Archive for the ‘Weirdness’ Category

I don’t have a lot of energy to write today, since I’ve taken on not only the proportions but apparently the personality of a manatee, but I just had to say – you know those people who get really angry on the internet and post very long frequently all-caps rants on blog posts?

I saw someone do that last night. In REAL LIFE.

It was at another Association for Science and Reason event (the home of the famous Mennonite Conspiracy Theorist. Though he wasn’t there) featuring Franke James, an artist who got royally screwed by Stephen Harper et al for a) being a climate change activist and b) talking shit about the tar sands. Franke gave what I can call a charming and, considering the subject matter, very positive talk, which I really enjoyed and was challenged by. The rest of the audience seemed to like it too.

The Q&A, however, was rapidly taken over by a scrawny guy called Wayne who started ranting about Hugo Chavez and how crappy solar panels are.

And didn’t stop.

I mean, if the person you’re hypothetically talking to you has to ask you three times “Do you have a question?” and then you continue to talk over her as she attempts to respond to you, dude. I know you’re angry, but step back.

And if you interrupt someone ELSE’S question by accusing the speaker of not caring about starving people (because we can ALL EAT OIL, GUYS), and THEN don’t stop talking until the organizers pre-emptively end the event, you really, really need to step back.

Anyway. I found it – well, I found it awkward and annoying at the time, but in retrospect very interesting. It was so, so clearly a transposition of internet behaviour into real life. Not that people didn’t yell at each other before we had Manboobz, but the repetition of talking points (Hugo Chavez! What is it with conservatives and Hugo Chavez?), the generally aggressive tone, the hyperbole, and the refusal to listen to THE PERSON ANSWERING YOU was so internetty. It’s like – do your dreams have camera angles? Mine do, probably due to the fact that I’ve been watching TV since I was born or so. An art form has literally changed the way we dream.

Now technology has literally changed the way we’re rude to each other.

What a time to be alive.

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Anyone else out there following either the #ows or the #occupytoronto streams on Twitter? Yes? No? What do you mean, you’re not on Twitter? It’s like Facebook, only you don’t have to be friends with boring people you don’t like! (Just kidding, Facebook friends. I love all of you.)

Well, I have been following them, especially since I’ve come down with a bad cold and am on Day 2 of Staying In Bed and Doing Nothing (with the help of two masters of that art, Madeline and Gus). About 25% of the streams are news about the occupations, relevant articles, calls to action, etc; about another 40% are retweets of the same; about 10% some kind of legitimate criticism; and the rest pure trollery.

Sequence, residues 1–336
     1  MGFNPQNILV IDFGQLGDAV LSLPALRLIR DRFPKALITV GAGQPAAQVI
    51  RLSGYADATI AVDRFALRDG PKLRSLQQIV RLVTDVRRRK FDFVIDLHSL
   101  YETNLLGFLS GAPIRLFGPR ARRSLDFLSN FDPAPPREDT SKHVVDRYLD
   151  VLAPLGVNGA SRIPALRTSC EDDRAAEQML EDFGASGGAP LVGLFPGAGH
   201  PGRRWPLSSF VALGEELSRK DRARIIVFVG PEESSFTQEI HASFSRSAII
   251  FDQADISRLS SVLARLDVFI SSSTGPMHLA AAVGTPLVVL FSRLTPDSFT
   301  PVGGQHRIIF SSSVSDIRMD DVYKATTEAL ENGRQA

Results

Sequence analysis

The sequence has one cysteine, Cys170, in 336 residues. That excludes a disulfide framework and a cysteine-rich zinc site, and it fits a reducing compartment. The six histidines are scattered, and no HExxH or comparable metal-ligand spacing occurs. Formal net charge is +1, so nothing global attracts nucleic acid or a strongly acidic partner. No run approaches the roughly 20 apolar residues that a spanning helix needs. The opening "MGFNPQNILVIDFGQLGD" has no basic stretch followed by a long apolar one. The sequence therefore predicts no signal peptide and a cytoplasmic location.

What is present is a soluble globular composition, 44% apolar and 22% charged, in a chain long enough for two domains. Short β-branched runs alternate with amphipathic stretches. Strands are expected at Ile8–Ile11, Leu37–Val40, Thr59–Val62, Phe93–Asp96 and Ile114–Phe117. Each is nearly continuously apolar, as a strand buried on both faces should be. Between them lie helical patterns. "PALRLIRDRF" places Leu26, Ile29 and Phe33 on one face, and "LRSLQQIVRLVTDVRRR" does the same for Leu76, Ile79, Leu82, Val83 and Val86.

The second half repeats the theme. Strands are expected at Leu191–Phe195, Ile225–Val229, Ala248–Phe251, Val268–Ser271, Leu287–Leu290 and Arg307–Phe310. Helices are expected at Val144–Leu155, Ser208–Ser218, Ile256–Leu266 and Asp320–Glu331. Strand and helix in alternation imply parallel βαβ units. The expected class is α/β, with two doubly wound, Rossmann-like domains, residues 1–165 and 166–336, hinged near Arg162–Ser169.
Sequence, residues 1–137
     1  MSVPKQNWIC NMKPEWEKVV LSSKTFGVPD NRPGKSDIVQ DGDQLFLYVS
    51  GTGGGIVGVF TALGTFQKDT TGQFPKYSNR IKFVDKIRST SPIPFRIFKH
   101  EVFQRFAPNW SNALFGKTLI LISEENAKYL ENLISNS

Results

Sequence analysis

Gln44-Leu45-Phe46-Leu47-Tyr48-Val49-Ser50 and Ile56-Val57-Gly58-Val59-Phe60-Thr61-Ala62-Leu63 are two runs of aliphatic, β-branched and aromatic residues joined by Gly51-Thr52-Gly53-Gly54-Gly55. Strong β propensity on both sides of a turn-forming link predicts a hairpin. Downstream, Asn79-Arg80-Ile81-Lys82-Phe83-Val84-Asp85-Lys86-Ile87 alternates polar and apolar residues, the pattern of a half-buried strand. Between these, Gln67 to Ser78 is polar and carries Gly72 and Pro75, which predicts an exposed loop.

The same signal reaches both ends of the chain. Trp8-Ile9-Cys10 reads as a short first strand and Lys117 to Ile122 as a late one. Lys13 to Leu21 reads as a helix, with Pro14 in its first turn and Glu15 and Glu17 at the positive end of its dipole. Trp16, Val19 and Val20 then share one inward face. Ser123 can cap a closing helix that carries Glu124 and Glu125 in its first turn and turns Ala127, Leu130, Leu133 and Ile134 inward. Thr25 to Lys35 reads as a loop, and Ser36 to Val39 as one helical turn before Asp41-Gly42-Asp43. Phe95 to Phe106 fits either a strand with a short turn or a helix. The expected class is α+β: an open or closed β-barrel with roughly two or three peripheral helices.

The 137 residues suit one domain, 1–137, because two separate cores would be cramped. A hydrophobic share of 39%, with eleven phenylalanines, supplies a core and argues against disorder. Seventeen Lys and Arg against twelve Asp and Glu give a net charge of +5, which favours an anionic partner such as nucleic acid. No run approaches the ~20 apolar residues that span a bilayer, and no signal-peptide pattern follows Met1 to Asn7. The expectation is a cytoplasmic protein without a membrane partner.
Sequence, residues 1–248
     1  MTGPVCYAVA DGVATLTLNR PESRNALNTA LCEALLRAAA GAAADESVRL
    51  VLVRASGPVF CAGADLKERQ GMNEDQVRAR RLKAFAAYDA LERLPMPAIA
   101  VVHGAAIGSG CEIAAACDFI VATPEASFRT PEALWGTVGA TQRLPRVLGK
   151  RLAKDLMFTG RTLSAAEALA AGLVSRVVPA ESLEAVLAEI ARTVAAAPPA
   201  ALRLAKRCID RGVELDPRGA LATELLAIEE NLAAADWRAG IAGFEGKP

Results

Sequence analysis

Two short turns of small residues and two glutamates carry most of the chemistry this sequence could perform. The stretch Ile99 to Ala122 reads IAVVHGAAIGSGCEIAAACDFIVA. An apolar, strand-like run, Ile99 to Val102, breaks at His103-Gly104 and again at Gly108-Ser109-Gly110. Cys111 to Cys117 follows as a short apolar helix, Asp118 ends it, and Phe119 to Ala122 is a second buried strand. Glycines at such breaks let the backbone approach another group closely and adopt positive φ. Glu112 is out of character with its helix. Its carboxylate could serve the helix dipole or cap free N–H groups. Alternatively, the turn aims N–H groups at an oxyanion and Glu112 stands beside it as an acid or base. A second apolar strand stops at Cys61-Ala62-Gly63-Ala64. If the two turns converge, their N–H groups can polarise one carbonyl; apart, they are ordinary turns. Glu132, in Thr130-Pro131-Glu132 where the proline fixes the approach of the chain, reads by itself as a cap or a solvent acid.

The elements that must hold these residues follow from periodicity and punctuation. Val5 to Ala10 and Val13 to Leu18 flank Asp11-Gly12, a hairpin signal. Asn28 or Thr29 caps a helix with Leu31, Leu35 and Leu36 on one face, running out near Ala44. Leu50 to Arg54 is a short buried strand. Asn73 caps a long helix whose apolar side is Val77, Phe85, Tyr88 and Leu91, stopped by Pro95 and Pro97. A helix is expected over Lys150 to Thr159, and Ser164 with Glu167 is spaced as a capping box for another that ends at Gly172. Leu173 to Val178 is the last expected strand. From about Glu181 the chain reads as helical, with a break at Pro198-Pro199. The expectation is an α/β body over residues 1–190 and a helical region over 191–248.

I’m not going to post screenshots, because I’m writing this on my Android tablet and I’m not going to run the risk of rooting it just so I can take a screenshot (seriously, Google, PUT SCREENSHOT CAPABILITY INTO THE NEXT ANDROID RELEASE), but just go look for yourself.

Anyway, the troll comments seem to break down thus:
– Occupiers should just get jobs!
– Occupiers are hippies!
– Occupiers smell bad!
– Occupiers are smelly hippies!
– The whole thing is a union astroturf operation! People aren’t really sleeping there!
– The police should just go in and beat them all up!

And since Twitter is the natural home of the Gish Gallop, I will respond to each of these in turn. Here, where nobody will read it. Oh well.

Get a job! – Um, putting aside the whole “massive unemployment thing”, lots of occupiers do have jobs, and go to the occupations when they’re not working. There is this thing called “free time”, you know. Some people use it to watch Dancing with the Stars. Some people try to effect social change. Vive la difference!

Hippies! – What is this, 1965? How is this even an insult?

You stink! – This may be true for individual occupiers, but as a whole I have not noticed an unusual odour coming from Occupy Toronto. And I have the super nose of a pregnant lady.

Stinky hippies! – WTF? Are you four? First of all, you are making assumptions about the personal hygiene of the occupiers, then judging them based on that assumption without verifying it against reality. Not only is it not really true, it is completely irrelevant – because even smelly hippies HAVE CHARTER RIGHTS. Christ.

Ooga booga UNION ASTROTURF – this is the oddest one. Apparently dear old Ezra Levant went to Occupy Toronto with a thermal camera and concluded that most of the tents were empty, ergo this is all a nefarious plot on the part of CUPE to do….something or other.

I don’t know what percentage of tents are occupied every night, but it is true that not everyone spends every night at the park. That’s because of my first point: A lot of the occupiers have jobs, families, and other stuff to do. Ben has been sleeping there about 50% of the time, because as much as he believes in this he has to work, see me occasionally, and continue fixing up our house so it’s not a disaster area when the baby gets here. Plus it’s hardly some ringing denouncement of the occupation that some of its members sometimes have other stuff to do.